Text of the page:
Resident-to-resident aggression (RRA) is a prevalent form of interpersonal violence in long-term care (LTC) settings. Research to guide preventive interventions is limited. Using social-ecological and need-driven dementia-compromised behavior perspectives, we sought to generate process models representing common RRA pathways in dementia-specific LTC units.
We used qualitative focus group methodology involving staff (n = 36) exposed to everyday resident interactions at two urban LTC facilities in Toronto, Canada. Semistructured interviews were audio-recorded and transcribed. Two independent raters coded the transcripts using iterative, constant comparison analytic processes.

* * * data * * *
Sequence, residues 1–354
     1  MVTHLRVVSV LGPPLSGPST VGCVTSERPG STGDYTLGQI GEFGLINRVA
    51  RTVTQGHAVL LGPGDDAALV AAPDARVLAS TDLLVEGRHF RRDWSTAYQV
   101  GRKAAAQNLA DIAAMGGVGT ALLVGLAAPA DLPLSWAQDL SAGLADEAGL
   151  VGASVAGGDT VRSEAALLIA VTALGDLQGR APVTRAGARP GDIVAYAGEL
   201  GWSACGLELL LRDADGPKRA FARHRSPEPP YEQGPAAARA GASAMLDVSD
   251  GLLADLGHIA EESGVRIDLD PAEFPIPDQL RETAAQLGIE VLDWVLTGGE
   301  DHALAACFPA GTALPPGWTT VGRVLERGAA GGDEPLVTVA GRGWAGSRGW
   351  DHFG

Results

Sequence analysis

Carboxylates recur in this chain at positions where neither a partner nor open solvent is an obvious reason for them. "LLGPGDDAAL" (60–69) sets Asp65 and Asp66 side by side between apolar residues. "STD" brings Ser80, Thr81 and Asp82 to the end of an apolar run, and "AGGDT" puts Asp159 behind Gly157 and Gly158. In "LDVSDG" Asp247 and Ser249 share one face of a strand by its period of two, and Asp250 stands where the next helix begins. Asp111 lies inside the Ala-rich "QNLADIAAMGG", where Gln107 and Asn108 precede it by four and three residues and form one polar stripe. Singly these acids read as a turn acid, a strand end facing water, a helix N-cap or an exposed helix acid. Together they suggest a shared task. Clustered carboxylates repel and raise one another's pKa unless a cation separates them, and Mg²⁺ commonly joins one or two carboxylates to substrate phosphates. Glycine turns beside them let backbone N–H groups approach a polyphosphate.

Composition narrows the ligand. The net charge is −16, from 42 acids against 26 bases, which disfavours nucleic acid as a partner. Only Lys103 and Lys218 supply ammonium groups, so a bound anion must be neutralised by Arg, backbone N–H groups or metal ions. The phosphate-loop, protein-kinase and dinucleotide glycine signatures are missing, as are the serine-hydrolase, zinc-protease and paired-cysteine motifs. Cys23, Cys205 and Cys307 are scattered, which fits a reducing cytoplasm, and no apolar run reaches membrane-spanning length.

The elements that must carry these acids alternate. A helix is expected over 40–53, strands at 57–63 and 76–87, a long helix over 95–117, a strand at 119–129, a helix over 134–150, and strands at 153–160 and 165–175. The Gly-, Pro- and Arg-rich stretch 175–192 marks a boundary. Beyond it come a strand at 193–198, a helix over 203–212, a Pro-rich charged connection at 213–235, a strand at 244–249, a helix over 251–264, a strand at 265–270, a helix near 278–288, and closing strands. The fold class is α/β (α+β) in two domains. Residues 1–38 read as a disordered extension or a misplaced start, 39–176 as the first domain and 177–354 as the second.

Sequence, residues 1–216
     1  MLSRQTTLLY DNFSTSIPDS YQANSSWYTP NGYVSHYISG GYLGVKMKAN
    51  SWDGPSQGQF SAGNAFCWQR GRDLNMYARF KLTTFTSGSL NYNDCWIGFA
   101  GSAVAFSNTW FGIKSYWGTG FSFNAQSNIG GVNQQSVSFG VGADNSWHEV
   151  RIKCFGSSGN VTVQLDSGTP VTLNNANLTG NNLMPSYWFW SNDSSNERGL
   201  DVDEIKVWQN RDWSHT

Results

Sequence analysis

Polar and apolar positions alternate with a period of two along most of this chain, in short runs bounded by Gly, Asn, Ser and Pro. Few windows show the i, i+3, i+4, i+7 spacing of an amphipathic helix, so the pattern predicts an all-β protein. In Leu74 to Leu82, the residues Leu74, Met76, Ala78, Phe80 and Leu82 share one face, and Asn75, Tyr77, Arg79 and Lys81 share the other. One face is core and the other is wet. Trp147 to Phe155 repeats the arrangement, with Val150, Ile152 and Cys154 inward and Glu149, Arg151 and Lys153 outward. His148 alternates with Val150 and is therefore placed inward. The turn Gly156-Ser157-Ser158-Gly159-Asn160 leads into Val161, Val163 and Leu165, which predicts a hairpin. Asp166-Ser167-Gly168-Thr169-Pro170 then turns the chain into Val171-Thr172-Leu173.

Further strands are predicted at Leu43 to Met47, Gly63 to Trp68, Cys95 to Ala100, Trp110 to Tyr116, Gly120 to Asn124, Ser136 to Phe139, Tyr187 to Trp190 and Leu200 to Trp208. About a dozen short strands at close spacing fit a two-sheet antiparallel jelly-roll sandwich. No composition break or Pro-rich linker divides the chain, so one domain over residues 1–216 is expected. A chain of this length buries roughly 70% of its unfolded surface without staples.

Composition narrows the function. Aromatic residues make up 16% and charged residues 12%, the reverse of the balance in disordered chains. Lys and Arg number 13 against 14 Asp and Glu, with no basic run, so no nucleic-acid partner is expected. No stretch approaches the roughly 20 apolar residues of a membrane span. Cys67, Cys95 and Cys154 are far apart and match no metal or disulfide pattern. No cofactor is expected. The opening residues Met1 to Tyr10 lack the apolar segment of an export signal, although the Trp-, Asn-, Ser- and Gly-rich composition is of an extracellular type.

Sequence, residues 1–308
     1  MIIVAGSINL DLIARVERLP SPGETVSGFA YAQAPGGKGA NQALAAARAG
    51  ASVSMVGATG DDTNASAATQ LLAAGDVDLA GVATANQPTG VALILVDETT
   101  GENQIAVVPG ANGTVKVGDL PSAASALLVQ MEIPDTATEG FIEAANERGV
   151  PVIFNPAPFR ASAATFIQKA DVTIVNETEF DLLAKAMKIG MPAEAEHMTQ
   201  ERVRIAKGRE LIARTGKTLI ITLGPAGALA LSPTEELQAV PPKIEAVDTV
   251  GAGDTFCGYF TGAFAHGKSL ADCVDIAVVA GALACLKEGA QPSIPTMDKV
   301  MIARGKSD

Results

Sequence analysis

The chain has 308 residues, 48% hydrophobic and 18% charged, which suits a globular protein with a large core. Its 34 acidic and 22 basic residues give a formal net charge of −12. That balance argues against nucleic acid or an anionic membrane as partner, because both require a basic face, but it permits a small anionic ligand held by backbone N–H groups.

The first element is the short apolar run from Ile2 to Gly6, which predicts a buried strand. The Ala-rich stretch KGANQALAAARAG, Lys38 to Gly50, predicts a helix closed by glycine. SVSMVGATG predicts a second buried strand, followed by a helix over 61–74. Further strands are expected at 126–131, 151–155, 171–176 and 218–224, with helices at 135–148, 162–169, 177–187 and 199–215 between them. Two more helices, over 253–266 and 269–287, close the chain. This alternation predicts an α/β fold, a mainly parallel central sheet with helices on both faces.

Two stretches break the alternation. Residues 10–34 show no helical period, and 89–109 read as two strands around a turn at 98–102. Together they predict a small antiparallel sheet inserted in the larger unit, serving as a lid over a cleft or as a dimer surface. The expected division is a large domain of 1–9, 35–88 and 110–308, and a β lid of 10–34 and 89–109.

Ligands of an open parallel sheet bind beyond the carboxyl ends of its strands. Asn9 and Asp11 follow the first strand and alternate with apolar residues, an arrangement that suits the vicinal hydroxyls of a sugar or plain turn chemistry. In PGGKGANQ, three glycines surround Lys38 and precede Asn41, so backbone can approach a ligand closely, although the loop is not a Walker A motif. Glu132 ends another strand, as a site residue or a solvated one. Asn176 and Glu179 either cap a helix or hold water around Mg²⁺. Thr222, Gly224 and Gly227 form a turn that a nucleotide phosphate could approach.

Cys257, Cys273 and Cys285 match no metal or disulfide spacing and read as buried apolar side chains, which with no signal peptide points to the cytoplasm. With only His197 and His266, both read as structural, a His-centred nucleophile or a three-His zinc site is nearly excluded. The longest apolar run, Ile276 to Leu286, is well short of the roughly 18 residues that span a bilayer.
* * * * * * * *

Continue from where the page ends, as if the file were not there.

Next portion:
Two distinct RRA process models in dementia-specific LTC units were developed. Models reflect sequential pathways driven by residents’ benign or responsive behaviors and cognitive processing limitations, with escalation points within resident dyads or groups.
This study furthers RRA conceptualization as a process rather than an aggressive event. Models capture unique RRA manifestations in dementia-specific LTC units and entrypoints for prevention or management.